Activation of T cells usually requires two signals. Signal 1 is mediated via a peptide-MHC on the APC; signal 2 is mediated via a costimulatory molecule on the APC surface. We demonstrate here that naive CD4+ T cells actually acquire the costimulatory molecule CD80 (B7-1) from syngeneic APCs after activation. This phenomenon was demonstrated showing acquisition of CD80 by T cells from CD80/CD86 (B7-2) knockout mice, and by treating T cells with cyclohexamide to further rule out endogenous expression of CD80 by T cells. Moreover, no CD80 mRNA could be detected in T cells that had acquired CD80. The amount of acquisition of CD80 by T cells was shown to be directly related to both the strength of signal 1 and the amount of CD80 on the APC. Specificity of this acquisition was also shown by the lack of acquisition by T cells from CD28 knockout mice (implicating CD28 in this process), the lack of acquisition of CD40 (another molecule on the APC surface) by T cells, and confocal microscopy studies. We demonstrate for the first time that 1) naive T cells, following acquisition of CD80 from APCs, were themselves shown to be capable of acting as APCs; and 2) memory T cells that have acquired CD80 from APCs undergo apoptosis in the presence of increased levels of signal 1. Thus we demonstrate both immunostimulatory and immunoregulatory functions as a result of CD80 acquisition by different T cell populations.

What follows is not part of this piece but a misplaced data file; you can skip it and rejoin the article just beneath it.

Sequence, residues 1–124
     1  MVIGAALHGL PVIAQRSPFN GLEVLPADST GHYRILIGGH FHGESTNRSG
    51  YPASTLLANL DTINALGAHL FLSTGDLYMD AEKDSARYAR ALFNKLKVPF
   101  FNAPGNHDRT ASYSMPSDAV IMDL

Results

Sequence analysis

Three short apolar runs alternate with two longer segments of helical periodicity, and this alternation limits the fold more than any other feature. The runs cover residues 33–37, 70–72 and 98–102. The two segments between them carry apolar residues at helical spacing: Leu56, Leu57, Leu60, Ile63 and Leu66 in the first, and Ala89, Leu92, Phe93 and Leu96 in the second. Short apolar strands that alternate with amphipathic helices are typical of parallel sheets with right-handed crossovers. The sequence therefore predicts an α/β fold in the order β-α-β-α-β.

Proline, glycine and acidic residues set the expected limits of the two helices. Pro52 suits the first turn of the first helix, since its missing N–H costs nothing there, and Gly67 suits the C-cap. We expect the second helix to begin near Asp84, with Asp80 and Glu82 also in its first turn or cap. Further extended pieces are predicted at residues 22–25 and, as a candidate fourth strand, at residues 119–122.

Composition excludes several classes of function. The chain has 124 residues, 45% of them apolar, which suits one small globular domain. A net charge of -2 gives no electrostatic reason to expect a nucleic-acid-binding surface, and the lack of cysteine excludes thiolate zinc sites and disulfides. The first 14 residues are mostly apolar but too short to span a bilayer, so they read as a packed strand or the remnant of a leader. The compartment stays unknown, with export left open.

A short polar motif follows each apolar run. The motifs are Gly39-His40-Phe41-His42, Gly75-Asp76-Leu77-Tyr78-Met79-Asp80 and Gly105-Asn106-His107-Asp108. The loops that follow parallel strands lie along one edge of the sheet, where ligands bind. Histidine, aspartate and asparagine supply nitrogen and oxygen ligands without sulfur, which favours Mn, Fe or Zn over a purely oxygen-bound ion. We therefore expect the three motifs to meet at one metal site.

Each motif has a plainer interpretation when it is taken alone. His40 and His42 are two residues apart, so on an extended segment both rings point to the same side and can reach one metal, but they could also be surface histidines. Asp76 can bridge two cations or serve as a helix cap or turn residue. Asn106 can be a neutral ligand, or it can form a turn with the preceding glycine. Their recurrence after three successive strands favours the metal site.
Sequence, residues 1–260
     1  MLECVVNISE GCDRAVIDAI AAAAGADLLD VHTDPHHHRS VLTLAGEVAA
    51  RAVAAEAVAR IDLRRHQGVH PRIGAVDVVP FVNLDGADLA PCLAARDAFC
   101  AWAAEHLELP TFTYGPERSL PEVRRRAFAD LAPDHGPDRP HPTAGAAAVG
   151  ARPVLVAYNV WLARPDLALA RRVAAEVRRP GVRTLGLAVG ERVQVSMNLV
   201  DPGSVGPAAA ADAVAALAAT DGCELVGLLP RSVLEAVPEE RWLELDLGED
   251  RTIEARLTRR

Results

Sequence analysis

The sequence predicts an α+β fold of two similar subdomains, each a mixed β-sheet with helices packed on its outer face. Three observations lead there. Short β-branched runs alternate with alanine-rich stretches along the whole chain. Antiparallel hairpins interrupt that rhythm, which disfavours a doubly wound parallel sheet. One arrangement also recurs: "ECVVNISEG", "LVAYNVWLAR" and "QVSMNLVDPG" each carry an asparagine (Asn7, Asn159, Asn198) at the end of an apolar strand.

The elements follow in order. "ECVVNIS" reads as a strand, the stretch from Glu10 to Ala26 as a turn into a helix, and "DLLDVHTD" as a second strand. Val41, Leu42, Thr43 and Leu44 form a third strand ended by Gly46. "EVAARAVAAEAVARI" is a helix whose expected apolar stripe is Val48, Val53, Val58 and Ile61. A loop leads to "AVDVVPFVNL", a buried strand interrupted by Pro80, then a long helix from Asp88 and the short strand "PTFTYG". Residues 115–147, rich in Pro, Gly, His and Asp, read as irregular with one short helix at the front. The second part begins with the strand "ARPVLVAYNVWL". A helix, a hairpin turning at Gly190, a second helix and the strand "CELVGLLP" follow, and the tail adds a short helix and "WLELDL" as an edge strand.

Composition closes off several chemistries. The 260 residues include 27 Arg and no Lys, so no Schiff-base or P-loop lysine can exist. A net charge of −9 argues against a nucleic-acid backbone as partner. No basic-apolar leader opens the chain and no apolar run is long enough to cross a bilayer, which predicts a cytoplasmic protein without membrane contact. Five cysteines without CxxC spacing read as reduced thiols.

ASJC Scopus subject areas
- Immunology and Allergy